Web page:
Stable prices, seasonal festivals and a stronger rupee are likely to keep India's gold demand strong this year, say analysts.
Gold prices have been moving between $1,090 and $1,167 an ounce in the wake of renewed fear in the global economy over the European Union's economic leniency towards Greece.
On the other hand, recovery in the US economy promoted confidence in other asset classes, including real estate, bonds and US treasuries. The effect of these would be to keep gold prices subdued.
The latest World Gold Council report suggested the average gold price rose slightly to $1,109.12 an ounce in the first quarter of the current year from $1,099.63 an ounce in the previous quarter.
During the quarter, gold traded mostly between $1,058 and $1,153 an ounce.
In rupee terms, it has been trading between Rs 16,200 and 16,900 per 10 gm since the beginning of the year.
Early this month, global consultancy GFMS forecast that prices would touch $3,000 an ounce by the end of the decade.
"Generally, consumers do not buy amid high volatility. Since gold prices suddenly rose to nearly Rs 17,000 per 10g, consumers pushed a pause button. But, demand will resume if prices remain at this level," said Ketan Shroff of Pushpak Bullions, a city-based trader.
Meanwhile, WGC has started preparing for the coming festival season.
"So far, in 2010, we have promoted Baisakhi, Poila Baishak, Gudi Padwa, Lohri, Ugadi, Tamil New Year and Vishu. We also plan to promote the upcoming Akshaya Tritiya festival in a big manner, as well as the festivals during September-November, such as Rakhi, Onam, Rambha Thritiya, Ganesh Chaturthi, GuruPushya Amrut, Karva Chauth, Navratri-Durga Puja, Dussehra and Diwali-Dhanteras," said Ajay Mitra, managing director (Middle East and India), WGC.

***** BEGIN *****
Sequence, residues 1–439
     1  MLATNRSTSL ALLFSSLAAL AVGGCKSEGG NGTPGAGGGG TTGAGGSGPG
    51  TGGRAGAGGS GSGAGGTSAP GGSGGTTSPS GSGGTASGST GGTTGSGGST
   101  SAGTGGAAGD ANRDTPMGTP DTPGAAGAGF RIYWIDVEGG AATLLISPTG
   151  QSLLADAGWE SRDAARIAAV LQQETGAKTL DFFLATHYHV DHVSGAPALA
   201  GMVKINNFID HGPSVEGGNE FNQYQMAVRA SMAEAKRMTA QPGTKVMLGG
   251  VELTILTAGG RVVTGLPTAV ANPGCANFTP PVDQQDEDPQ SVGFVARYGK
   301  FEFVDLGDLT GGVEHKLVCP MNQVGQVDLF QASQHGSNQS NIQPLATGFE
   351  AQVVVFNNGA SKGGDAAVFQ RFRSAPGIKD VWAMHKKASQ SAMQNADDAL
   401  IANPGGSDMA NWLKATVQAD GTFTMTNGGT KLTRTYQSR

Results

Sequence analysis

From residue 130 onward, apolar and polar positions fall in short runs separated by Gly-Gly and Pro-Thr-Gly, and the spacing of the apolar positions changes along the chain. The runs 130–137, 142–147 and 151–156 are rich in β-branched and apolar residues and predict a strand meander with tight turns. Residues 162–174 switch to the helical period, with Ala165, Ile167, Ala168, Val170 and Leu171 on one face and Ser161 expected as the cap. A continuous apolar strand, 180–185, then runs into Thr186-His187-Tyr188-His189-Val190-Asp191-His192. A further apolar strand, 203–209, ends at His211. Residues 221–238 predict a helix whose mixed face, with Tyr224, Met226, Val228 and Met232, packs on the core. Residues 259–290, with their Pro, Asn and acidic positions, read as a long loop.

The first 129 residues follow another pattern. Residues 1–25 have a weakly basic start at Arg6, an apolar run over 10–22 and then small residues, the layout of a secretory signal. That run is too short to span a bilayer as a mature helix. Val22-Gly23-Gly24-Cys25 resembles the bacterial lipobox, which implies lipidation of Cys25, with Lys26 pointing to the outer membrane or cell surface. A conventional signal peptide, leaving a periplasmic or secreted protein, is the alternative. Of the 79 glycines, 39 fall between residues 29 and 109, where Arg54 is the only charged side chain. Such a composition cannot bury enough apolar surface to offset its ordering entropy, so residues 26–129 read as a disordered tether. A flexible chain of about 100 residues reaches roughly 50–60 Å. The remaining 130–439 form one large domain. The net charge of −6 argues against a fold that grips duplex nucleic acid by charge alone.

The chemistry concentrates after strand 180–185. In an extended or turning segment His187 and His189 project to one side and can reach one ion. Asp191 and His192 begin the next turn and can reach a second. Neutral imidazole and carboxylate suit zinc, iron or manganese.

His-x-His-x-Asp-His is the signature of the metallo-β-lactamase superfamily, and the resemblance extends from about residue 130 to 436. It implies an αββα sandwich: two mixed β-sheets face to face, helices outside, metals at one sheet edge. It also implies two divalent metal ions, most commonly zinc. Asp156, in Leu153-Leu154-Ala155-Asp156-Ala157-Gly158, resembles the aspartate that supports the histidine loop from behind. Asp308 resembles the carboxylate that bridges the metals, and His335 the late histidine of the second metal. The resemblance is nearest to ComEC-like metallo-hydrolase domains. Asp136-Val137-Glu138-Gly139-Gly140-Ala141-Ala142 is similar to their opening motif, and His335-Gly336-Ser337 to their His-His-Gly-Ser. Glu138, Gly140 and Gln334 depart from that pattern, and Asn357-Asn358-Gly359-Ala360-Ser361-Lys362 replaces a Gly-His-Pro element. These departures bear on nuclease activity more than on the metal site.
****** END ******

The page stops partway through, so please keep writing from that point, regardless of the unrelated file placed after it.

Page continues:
The council promoted eight events to promote gold sales last year. It has identified 40 events this year.
The focus in 2010 was to promote all major regional festivals and new years, in addition to the major national festivals, he added.
WGC recently said India retained its number one position in gold consumption in 2009, recording a total demand of 405.8 tonnes.
This was, however, 19 per cent less than 501.9 tonnes in 2008. Total gold imports were estimated at 343 tonnes in 2009, 18 per cent less than in 2008.
However, record high prices encouraged consumers to encash a part of their holdings. This led to scrap gold sales reaching a record 200 tonnes.
Jewellers believe imports in the first quarter of 2010-11 have surpassed 100 tonnes, as against 32 tonnes in the corresponding quarter of the previous year.
When quizzed about investment versus jewellery demand, Mitra said: "It would not be appropriate to compare investment demand vis-à-vis jewellery demand, especially in the Indian scenario.
While demand for bars, medallions and other forms of gold investment has been growing over the past few years, the demand for gold jewellery has also been growing, mainly because Indians consume gold for cultural reasons like weddings and festivals."
The India Bullion Markets Association estimates that households have nearly 22,000 tonnes gold locked away in family vaults. This makes India one of the largest stockists of physical gold in the world.
Anticipating robust jewellery demand, Bangalore-based Rajesh Exports plans to set up 300 retail stores (it presently has 25) in the next three years, with an investment of between Rs 3,000 (Rs 30 billion) and 4,000 crore (Rs 40 billion).